Dosage And Administration: The dosage of succinylcholine should be individualized and should always be determined by the clinician after careful assessment of the patient (see Warnings).
Parenteral drug products should be inspected visually for particulate matter and discoloration prior to administration whenever solution and container permit. Solutions which are not clear and colorless should not be used.
Adults: For Short Surgical Procedures: The average dose required to produce neuromuscular blockade and to facilitate tracheal intubation is 0.6 mg/kg succinylcholine given i.v. The optimum dose will vary among individuals and may be from 0.3 to 1.1 mg/kg. Following administration of doses in this range, neuromuscular blockade develops in about 1 minute; maximum blockade may persist for about 2 minutes, after which recovery takes place within 4 to 6 minutes. However, very large doses may result in more prolonged blockade. A 5 to 10 mg test dose may be used to determine the sensitivity of the patient and the individual recovery time (see Precautions).
For Long Surgical Procedures: The dosage of succinylcholine administered by infusion depends upon the duration of the surgical procedure and the need for muscle relaxation. The average rate for an adult ranges between 2.5 and 4.3 mg/min. (The sterile powder is supplied in a Flo-Pack for i.v. solutions only.)
Solutions containing from 1 to 2 mg/mL succinylcholine have commonly been used for continuous infusion. The more dilute solution (1 mg/mL) is probably preferable from the standpoint of ease of control of the rate of administration of the drug and hence, of relaxation. This i.v. solution containing 1 mg/mL may be administered at the rate of 0.5 mg (0.5 mL) to 10 mg (10 mL)/minute to obtain the required amount of relaxation. The amount required/minute will depend upon the individual response as well as the degree of relaxation required. Avoid overburdening the circulation with a large volume of fluid. It is recommended that neuromuscular function be carefully monitored with a peripheral nerve stimulator when using succinylcholine by infusion in order to avoid overdose, detect development of Phase II block, follow its rate of recovery, and assess the effects of reversing agents (see Precautions).
Children: The i.v. dose of succinylcholine is 2 mg/kg for infants and small children; for older children and adolescents the dose is 1 mg/kg (see Warnings and Precautions, Children).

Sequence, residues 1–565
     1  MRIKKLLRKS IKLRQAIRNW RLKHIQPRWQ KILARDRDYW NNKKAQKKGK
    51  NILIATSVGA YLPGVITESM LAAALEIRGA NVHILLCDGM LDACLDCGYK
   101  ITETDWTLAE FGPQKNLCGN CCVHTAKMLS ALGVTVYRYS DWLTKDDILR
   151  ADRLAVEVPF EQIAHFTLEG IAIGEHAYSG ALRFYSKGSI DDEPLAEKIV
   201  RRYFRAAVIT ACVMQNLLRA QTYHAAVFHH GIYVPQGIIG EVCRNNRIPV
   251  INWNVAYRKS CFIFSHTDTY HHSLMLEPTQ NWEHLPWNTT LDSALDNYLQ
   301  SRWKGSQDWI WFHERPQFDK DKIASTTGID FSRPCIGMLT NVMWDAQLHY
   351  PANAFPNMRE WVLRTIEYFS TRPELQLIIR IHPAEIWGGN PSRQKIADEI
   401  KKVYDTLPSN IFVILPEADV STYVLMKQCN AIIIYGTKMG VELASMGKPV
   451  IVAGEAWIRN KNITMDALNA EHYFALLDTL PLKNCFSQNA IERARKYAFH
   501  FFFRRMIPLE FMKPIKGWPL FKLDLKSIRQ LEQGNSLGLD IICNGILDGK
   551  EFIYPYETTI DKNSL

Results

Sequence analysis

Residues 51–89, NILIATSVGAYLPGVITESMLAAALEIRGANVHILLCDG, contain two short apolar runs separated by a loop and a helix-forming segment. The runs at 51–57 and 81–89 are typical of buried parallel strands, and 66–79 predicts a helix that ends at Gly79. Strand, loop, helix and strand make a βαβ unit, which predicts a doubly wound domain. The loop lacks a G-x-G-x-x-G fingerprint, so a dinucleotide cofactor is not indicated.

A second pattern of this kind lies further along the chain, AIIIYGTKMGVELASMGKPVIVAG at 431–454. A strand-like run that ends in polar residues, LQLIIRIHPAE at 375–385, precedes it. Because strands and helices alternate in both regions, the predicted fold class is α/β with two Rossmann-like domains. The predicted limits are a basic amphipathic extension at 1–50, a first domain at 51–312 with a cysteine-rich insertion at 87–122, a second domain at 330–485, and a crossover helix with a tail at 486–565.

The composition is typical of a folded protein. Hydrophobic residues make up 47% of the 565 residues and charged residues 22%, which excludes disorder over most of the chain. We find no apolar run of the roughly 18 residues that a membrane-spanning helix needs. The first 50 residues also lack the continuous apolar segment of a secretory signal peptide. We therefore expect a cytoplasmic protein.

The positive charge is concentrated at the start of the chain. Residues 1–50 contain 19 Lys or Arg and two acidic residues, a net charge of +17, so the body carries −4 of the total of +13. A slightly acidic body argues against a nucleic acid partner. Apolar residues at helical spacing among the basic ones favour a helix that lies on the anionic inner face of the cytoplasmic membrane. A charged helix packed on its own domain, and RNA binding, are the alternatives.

Rarely, i.v. bolus administration of succinylcholine in infants and children may result in malignant ventricular arrhythmias and cardiac arrest secondary to acute rhabdomyolysis with hyperkalemia. In such situations, an underlying myopathy should be suspected.
I.V. bolus administration of succinylcholine in infants and young children may result in profound bradycardia or, rarely, asystole. Unlike in adults, the incidence of bradycardia in infants and children is greater after a single dose of succinylcholine. The occurrence of bradyarrhythmias, in most cases, will be reduced by pretreatment with an anticholinergic drug (e.g., atropine) (see Precautions, Children).
I.M.: If necessary, succinylcholine may be given i.m. to infants, older children or adults when a suitable vein is inaccessible. A dose of up to 3 or 4 mg/kg may be given, but not more than 150 mg total dose should be administered by this route. The onset of effect of succinylcholine given i.m. is usually observed in about 2 to 3 minutes.
Reconstituted Solutions: Flo-Pack: Succinylcholine is acidic (pH 3.5) and should not be mixed with alkaline solutions having a pH greater than 8.5 (e.g., barbiturate solutions).
Preparations containing 1 to 2 mg/mL may be prepared by adding 1 000 mg succinylcholine (the contents of 2 Anectine Sterile Powder Flo-Pack units containing 500 mg succinylcholine chloride) to 1 L or 500 mL of either of the following diluents: 5% Dextrose Injection USP; 0.9% Sodium Chloride Injection USP.
Aseptic techniques should be used to prepare the diluted product. Solutions must be used within 24 hours after preparation. Discard unused portions.
Availability And Storage: Injection: Each mL of sterile nonpyrogenic solution for i.v. use contains: succinylcholine chloride 20 mg and water for injection. The solution is made isotonic with 4.5 mg sodium chloride. The pH is adjusted to 3.5 with hydrochloric acid. Single-dose ampuls of 5 mL. Multiple-dose vials of 10 and 20 mL (also contains methylparaben 0.1% as preservative), boxes of 25. Store in refrigerator at 2 to 8°C. The multiple-dose vials are stable for up to 14 days at room temperature without significant loss of potency.
Flo-Pack: Each vial sterile powder contains: succinylcholine chloride 500 mg for preparation of i.v. solutions only. Powder does not require refrigeration. Store at 15 to 30°C.
ANECTINE® Glaxo Wellcome Succinylcholine Chloride Neuromuscular Blocking Agent